we survived our first kindergarten field trip. there were times i thought they'd have to leave me there at the apple orchard, but in the end we all managed to make it back to the bus, alive, with minimal damage.
as we boarded the bus this morning i noticed one little girl practically doing back-flips. she is usually too-cool-for-school and this was honestly the first time i'd seen genuine childhood excitement in her eyes. "This is SO cool!" she kept squealing, her body shaking with excitement. turns out she'd never ridden a bus before. she kept staring out the window exclaiming, "WOW! look! there's a house!"
the little boys in the class were equally excited. despite having been on a bus before they'd never been on a bus in rush hour traffic. i was a little worried when we were passed by two tractor trailers~ one on each side of the bus, that the little ones would wet their pants from the amazement of it all. there were lots of little hand and nose marks left on the windows. we even got to drive past a construction zone! and then we were passed by a fire truck. it doesn't get better than that.
because of how far away the apple orchard was and our wonky schedule we had to eat the minute we got off the bus, and even then we really only had 15 minutes to shove food down the children's throats. as we got them to throw away their trash and line up to begin the presentations they all started saying, "that was the best field trip ever!" "are we going home now?" the bus ride and the picnic lunch alone would have been enough excitement for them apparently. so why did we pay $8 a person?!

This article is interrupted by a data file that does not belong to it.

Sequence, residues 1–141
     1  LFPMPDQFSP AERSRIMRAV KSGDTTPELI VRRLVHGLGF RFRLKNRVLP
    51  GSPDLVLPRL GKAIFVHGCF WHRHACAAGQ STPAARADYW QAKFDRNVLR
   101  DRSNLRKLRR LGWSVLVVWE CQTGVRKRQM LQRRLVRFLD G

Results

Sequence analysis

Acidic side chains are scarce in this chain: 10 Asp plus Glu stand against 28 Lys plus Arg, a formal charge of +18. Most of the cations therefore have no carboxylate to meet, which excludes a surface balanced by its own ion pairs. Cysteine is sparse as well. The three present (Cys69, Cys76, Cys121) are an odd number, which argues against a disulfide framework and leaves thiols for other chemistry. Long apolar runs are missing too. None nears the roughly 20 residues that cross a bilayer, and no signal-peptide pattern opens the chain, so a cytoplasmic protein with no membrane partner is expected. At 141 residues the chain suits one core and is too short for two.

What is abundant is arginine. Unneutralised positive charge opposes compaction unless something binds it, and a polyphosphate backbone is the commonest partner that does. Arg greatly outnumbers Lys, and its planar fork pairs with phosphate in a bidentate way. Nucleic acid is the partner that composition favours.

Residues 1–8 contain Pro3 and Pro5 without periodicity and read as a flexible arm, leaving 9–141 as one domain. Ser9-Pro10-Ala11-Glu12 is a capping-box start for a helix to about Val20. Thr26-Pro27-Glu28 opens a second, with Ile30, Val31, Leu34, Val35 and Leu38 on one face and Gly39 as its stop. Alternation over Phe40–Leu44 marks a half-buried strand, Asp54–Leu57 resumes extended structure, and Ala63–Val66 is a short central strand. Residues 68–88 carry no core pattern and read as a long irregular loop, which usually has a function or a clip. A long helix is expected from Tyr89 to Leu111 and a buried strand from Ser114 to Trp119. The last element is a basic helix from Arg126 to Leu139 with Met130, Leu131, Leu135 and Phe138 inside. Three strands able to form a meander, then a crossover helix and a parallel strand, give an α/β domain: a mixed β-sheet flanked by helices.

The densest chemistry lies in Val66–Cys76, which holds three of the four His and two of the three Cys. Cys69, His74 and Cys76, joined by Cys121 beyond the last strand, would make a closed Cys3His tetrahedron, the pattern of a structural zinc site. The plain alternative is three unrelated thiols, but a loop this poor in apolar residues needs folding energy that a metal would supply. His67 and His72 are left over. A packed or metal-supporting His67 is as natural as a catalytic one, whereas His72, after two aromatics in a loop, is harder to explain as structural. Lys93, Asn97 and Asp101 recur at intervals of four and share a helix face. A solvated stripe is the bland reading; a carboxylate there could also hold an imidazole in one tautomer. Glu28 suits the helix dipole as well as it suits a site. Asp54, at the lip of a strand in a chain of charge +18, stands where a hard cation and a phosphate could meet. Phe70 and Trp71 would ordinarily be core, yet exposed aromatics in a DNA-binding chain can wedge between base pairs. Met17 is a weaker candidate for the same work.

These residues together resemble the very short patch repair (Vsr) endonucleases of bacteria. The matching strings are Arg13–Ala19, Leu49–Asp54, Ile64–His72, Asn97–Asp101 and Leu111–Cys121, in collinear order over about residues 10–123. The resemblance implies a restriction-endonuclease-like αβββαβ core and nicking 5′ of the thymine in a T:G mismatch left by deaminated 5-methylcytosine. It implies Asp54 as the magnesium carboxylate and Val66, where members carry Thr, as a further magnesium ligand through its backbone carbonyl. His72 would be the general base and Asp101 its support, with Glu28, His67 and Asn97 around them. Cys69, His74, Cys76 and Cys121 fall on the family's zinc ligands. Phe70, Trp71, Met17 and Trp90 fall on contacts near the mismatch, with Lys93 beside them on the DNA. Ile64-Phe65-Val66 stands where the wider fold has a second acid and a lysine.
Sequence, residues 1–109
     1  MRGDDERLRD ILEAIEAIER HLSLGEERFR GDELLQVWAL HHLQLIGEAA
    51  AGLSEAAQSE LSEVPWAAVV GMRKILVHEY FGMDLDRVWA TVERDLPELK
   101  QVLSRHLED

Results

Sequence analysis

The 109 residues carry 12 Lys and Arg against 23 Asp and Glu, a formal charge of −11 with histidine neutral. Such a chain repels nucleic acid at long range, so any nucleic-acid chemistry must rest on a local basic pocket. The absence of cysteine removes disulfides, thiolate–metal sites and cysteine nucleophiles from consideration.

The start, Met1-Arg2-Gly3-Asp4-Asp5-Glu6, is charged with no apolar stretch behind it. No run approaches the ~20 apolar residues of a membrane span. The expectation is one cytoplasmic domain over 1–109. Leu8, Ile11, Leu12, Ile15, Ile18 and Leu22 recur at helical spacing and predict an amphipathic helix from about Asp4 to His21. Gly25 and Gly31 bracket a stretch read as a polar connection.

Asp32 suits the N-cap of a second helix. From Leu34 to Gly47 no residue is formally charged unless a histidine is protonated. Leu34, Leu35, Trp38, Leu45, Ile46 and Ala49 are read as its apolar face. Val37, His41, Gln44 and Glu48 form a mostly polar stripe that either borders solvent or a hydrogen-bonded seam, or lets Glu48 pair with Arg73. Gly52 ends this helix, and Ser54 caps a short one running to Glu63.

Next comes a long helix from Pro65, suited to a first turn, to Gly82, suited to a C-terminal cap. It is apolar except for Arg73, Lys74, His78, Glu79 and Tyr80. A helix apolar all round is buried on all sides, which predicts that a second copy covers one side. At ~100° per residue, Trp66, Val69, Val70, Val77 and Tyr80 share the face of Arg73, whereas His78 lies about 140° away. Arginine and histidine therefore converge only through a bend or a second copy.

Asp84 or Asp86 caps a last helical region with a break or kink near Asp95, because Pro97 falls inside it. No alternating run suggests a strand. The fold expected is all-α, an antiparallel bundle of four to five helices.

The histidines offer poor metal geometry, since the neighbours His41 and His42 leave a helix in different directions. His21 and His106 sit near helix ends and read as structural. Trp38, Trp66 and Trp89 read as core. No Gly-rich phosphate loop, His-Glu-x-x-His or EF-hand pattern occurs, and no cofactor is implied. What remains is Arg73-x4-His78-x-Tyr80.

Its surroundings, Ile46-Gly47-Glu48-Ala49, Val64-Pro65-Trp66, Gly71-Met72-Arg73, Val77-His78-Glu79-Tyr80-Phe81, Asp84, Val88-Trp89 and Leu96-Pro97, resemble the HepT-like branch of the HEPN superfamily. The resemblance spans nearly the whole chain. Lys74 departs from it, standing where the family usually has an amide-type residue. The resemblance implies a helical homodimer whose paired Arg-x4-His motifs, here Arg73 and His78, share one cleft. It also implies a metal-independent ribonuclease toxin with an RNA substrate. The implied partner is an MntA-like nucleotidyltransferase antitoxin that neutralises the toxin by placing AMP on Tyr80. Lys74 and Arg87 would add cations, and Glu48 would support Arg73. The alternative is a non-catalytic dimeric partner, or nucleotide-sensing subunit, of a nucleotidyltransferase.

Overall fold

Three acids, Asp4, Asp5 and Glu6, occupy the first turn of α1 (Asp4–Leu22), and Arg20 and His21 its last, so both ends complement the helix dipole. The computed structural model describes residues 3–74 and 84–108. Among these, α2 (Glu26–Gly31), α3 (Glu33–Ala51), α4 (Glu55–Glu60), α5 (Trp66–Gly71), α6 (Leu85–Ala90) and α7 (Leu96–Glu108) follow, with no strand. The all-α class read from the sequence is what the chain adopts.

the actual presentation at the apple orchard was fabulous and the kids got a lot out of it. however, i think the apple-orchard farmers may have been relieved to see us leave. my group began with some apple relay races, which would have been fabulous if our kiddos had any clue what a relay race was. our guide gave fairly good directions (just left out the whole visual modeling part) and then said, "Ok, one, two, three, go!" and all of the kids began sprinting toward the apple-baskets, except one who was determined to throw her apple. receptive language not being our strongest skill, they all missed the point about what a relay race is and so 'go' meant go as fast as you can and push down those kids lined up in front of you.
i was useless getting them back in line because i was laughing so hard. the kids looked confused about why we were yelling at them, but eventually they got the idea that they had to wait. now, if receptive language is not our #1 strength, waiting our turn is... let's just call it what it is, a great big weakness. so... the kiddos would be standing there so proudly, waiting in line, waiting, waiting, waiting, and then suddenly would burst from their spot in line and run circles around the group. waiting is hard.
"if you're happy hold up your apple!"
overall it was a fabulous field trip and the best part was it didn't require much from us teachers other than running crowd control. the kids came home happy, we came home exhausted, and we'll all sleep well tonight.